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Question on force applied to an object hanging from a cord

  • #1
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Homework Statement


A ball of mass m hangs vertically from a massless string experiencing a tension T. What force is required to pull the ball out to an angle theta from the vertical?

  1. 1) mgsin(theta)

  2. 2) mgcos(theta)

  3. 3) mgtan(theta)

  4. 4) 2mg tan (theta)

  5. 5) mg/cos (theta)

Homework Equations


no equations

The Attempt at a Solution


Well, I thought that if we break down the components of gravity acting on an object at an angle theta from the lowest point of it hanging, then we would have a component mg * sin(theta) acting in a direction perpendicular towards the cord [restoring force] and a component mg * cos(theta) acting in a direction antiparallel to the cords tension.

Thus, I would need to apply an equivalent force to mg*sin(theta) in the opposite to counter react the force of gravity's component.

The solutions say that the answer is mg*tan
Well, I thought that if we break down the components of gravity acting on an object at an angle theta from the lowest point of it hanging, then we would have a component mg * sin(theta) acting in a direction perpendicular towards the cord [restoring force] and a component mg * cos(theta) acting in a direction antiparallel to the cords tension.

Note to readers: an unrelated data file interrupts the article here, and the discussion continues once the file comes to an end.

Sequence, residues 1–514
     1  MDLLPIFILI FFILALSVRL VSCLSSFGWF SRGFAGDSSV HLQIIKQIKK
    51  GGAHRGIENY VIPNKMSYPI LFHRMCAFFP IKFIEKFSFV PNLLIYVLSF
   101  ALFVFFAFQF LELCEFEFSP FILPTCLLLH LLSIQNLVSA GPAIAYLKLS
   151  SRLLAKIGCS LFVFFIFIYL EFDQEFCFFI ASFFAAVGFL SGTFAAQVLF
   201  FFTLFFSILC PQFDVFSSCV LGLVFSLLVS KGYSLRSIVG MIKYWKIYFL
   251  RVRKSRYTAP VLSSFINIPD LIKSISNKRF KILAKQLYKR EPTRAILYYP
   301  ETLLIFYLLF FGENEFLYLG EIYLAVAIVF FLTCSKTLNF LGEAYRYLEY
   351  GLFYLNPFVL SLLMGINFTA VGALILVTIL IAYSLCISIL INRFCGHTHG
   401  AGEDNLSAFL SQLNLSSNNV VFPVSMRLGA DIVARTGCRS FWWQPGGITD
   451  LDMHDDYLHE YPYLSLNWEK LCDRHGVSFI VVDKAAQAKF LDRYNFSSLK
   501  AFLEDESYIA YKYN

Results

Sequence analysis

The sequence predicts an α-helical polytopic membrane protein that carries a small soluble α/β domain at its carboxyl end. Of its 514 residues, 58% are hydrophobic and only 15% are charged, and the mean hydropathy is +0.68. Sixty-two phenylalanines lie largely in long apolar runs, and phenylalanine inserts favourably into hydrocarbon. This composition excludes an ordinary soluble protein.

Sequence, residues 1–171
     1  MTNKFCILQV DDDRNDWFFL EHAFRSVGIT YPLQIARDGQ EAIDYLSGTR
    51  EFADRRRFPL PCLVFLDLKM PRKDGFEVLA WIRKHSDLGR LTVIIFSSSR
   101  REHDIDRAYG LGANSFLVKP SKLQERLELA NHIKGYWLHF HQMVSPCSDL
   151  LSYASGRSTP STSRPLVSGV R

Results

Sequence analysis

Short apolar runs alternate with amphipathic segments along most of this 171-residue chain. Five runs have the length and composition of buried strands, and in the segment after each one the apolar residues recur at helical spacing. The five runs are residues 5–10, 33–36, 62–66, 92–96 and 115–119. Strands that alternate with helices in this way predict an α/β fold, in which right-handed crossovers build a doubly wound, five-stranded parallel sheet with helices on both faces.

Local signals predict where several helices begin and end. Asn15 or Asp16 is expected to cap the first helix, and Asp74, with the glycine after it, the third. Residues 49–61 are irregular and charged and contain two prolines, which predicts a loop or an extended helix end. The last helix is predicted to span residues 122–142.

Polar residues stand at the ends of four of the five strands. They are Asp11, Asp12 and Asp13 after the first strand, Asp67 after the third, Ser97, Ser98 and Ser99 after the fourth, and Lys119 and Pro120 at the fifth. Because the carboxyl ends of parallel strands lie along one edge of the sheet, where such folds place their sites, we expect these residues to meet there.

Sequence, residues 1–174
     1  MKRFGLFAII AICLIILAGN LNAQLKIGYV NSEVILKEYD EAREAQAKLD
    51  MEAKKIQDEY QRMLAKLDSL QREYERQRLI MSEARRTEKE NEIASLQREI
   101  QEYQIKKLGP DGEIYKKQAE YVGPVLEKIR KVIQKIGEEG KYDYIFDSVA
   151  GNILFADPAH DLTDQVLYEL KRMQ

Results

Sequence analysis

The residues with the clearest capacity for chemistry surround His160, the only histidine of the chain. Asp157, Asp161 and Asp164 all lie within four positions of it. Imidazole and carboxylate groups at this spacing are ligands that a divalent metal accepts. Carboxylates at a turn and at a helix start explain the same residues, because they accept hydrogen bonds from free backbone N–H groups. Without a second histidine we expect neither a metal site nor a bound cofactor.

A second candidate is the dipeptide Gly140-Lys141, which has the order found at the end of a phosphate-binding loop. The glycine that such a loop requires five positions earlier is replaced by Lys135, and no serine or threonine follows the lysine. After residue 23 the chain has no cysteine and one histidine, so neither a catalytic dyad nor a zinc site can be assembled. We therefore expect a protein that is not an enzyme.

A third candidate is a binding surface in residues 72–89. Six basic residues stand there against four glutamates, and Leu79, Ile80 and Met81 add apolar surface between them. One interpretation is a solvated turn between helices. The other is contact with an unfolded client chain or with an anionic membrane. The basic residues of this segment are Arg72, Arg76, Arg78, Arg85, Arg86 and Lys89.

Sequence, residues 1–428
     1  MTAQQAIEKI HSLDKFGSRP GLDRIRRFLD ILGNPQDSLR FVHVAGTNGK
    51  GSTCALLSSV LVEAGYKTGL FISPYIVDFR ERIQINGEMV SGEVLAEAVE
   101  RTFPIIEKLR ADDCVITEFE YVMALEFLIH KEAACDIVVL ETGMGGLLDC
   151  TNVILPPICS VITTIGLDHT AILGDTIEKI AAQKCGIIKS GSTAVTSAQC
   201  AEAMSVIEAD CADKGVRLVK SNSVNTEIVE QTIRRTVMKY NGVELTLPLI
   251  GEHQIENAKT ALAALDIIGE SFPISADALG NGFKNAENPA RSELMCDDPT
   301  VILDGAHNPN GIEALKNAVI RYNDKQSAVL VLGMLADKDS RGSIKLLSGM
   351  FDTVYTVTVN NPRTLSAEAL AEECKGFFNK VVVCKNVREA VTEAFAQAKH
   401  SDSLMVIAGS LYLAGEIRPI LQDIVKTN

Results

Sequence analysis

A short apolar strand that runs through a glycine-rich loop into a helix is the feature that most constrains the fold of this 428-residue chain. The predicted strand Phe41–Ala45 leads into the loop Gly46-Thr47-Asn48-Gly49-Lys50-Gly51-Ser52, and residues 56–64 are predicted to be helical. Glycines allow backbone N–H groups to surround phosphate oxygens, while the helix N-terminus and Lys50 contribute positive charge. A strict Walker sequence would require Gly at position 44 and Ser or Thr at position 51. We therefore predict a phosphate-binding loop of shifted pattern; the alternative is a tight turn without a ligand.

Thus, I would need to apply [number 3]. Could anyone please explain why their answer is right and why my approach is possibly wrong?
 

Answers and Replies

  • #2
TSny
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Hi, Robonerd!

I like your answer! The problem does not make any restriction on the direction of your applied force.

I think maybe they are assuming the applied force is horizontal. If you make that assumption, what answer would you get?
 
  • #3
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I have no idea. Could you please guide me?
 
  • #4
TSny
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I have no idea.
Yes you do!
Could you please guide me?
A free body diagram will guide you.
 
  • #5
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2016-05-06.png
 
  • #6
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here is my free body diagram. kinda messy, i know.
 
  • #7
TSny
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Where's your applied force (that you are going to assume is horizontal)?
 
  • #8
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Going rightwards starting from the point where the T and Fg forces intersect?
 
  • #9
TSny
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Yes. I suggest a fresh drawing. Do not break any of the forces into components yet. Make sure you label the angle θ correctly.
 
  • #10
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wHUTXj2WCZEygAAAABJRU5ErkJggg==.png
 
  • #11
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how about this?
 
  • #12
TSny
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Good. (Your angle θ is drawn correctly in both figures. For some reason I initially thought it was in the wrong place.)

Now, spend a little time trying to solve for Fapp using your drawing.
 

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